Too many people start their businesses without thinking about any of these issues. If they have a computer, a dining table, and phone, business is ready to open. Erase that thought.

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First, do your research.

  • Talk to your family. How will it affect everyone?
  • If your partner doesn’t work outside the home, do you need for him or her to get a job to supplement your new business income? It will be slow coming the first few months as people pay their bills in different ways; some the day the bill comes in, some 3 months later. If you have small children, how will it affect your children and your ability to work if they are small and need a lot of attention?
  • Discuss your plans with a business attorney; what kind of structure will your business be set up?
  • Retain a CPA specializing in small businesses and tax law. A great thing to have is a Neat® receipt scanner.
  • Look at other similar businesses – how do they market themselves?
  • Have you made a list of all expenses? Do you know what they might be?
  • What about professional trade associations you might need to join?
  • Is there a certification or special state license you need to have?
  • If you are a coach, don’t assume you shouldn’t have a business license in the city where you live.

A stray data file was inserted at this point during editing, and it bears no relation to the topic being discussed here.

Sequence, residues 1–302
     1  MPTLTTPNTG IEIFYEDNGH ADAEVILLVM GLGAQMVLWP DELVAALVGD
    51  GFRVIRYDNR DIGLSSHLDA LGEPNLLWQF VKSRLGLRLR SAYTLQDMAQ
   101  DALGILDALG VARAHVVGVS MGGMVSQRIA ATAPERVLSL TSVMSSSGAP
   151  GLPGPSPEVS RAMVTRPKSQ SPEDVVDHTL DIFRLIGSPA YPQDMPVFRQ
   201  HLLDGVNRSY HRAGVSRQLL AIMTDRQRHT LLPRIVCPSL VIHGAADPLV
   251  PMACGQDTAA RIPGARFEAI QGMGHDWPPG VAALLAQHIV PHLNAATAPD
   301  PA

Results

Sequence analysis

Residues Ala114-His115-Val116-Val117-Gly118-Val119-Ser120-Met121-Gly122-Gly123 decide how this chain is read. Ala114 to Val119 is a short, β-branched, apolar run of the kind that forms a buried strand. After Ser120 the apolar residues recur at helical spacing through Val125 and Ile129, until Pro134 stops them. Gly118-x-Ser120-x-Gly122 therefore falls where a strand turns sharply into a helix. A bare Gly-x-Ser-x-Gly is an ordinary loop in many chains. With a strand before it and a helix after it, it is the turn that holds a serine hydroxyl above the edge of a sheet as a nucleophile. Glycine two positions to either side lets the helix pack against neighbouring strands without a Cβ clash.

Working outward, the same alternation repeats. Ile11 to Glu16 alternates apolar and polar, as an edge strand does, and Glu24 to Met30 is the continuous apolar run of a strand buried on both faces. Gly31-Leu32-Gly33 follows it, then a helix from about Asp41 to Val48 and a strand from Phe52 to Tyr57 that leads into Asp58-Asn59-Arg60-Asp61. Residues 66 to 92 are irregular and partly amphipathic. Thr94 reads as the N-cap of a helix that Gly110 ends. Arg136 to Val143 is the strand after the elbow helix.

• Are you a motivated, self-starter, with resilience and tenacity, organized enough to keep work flow in order and the stomach to handle months when times are lean?
  • Can you make a contract with yourself that you will not stay in your sweats or PJ’s all day, day in and day out, even if you don’t have to meet clients? (It’s a comfortable way to work, but can be addictive at times. You don’t want to stop going out to meet and greet people each day; after all, it is your business, not a hobby!

These are all important questions that need answers. I understand that some people who start their business from home may not agree with many of the things I’ve written here. But, believe me, if you take the extra time before you begin a business by doing the above, or as many things that apply to you, you will have a greater chance of having a successful and less stressful business start.

“There are some people who live in a dream world, and there are some who face reality; and then there are those who turn one into the other.”

                                                                                           Douglas H. Everett